5. Don't substitute the cheese curds for something else. Replacing them with something like mozzarella is heresy.

Poutine should be so easy, but I've heard of plenty of people getting it and it not living up to expectations... which is a shame. Not all poutine is made equal. but when somewhere gets it right, it's so good. Although, personal taste still comes into play. One of my D&D members doesn't like it, for example.
Weirdly enough, Costco has poutine where I am (though I dunno if it's Canada wide) and it's actually one of the better ones in town. The fries and gravy are quite good, you get tons of curds and fries, and it's $6, which is nearly impossible to beat. Another place's poutine would have to be a bit above average to match it
 

EvilRoy

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Made some fresh mozzarella from scratch. Which is to say, I curdled milk in my kitchen and then abused the remains long enough that they turned into something like cheese.

Its definitely one of those perfect recipes to explain the difference between following a method and being good at a method. Milk, lemon juice and salt are all the ingredients and from there you just have to be good at working them. I'm not good, so I get something similar to the cheap mozzarella you get in ball-form at the supermarket and then you're like "really, 10 bucks for this?". But the neat thing is that I can look at what I did and I can tell that if I tried enough times I really could produce something like you get at a fancy cheese shop without needing to spend like 50 bucks on ingredients and equipment.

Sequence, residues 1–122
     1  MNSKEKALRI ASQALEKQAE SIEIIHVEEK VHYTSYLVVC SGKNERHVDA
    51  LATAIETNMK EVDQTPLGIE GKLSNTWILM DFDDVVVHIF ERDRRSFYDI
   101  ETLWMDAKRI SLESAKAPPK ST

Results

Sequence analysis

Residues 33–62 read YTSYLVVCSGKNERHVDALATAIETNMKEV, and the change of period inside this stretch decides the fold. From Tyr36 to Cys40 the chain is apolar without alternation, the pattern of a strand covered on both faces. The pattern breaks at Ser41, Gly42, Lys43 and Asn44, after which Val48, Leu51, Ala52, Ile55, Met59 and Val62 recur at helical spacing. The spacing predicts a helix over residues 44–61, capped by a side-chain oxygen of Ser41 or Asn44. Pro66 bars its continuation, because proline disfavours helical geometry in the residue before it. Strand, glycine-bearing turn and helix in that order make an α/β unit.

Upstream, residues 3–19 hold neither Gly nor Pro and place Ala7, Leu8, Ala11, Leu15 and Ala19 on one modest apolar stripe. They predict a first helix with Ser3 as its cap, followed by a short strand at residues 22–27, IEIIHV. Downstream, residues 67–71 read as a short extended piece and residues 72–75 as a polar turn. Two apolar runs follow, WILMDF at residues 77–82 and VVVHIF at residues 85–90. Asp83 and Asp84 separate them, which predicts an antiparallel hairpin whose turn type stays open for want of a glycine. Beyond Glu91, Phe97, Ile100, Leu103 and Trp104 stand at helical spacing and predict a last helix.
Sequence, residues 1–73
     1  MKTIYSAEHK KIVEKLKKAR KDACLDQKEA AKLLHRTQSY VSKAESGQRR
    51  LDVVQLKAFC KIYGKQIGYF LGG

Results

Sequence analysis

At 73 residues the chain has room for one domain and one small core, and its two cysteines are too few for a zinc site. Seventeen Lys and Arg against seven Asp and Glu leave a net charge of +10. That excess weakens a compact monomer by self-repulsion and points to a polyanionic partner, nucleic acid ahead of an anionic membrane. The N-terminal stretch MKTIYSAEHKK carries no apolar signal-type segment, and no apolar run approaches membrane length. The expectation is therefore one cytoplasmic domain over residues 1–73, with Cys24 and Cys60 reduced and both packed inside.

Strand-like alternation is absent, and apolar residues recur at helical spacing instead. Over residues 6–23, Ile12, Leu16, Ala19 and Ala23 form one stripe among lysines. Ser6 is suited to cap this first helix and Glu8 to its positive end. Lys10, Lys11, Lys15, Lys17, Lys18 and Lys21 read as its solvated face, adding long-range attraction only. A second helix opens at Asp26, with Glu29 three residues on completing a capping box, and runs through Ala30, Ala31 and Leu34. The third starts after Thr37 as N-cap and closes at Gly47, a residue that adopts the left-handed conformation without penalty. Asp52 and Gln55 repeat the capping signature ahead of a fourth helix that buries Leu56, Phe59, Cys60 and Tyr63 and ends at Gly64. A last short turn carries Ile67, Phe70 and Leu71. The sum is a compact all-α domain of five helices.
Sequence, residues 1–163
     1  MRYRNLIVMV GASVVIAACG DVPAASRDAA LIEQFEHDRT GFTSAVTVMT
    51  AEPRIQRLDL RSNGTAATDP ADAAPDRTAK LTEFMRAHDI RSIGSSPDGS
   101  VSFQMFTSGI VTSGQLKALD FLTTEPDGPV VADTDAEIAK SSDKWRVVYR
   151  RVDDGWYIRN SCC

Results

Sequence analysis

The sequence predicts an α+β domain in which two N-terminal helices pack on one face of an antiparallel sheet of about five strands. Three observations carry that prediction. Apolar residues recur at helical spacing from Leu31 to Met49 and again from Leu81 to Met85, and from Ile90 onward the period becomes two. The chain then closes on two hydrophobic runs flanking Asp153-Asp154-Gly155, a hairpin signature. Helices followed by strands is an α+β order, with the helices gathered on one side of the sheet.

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Bob_McMillan

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Made some fresh mozzarella from scratch. Which is to say, I curdled milk in my kitchen and then abused the remains long enough that they turned into something like cheese.

Its definitely one of those perfect recipes to explain the difference between following a method and being good at a method. Milk, lemon juice and salt are all the ingredients and from there you just have to be good at working them. I'm not good, so I get something similar to the cheap mozzarella you get in ball-form at the supermarket and then you're like "really, 10 bucks for this?". But the neat thing is that I can look at what I did and I can tell that if I tried enough times I really could produce something like you get at a fancy cheese shop without needing to spend like 50 bucks on ingredients and equipment.
Even the cheap kind sounds great, considering now expensive cheese is in my country. You got a recipe?
 

EvilRoy

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Even the cheap kind sounds great, considering now expensive cheese is in my country. You got a recipe?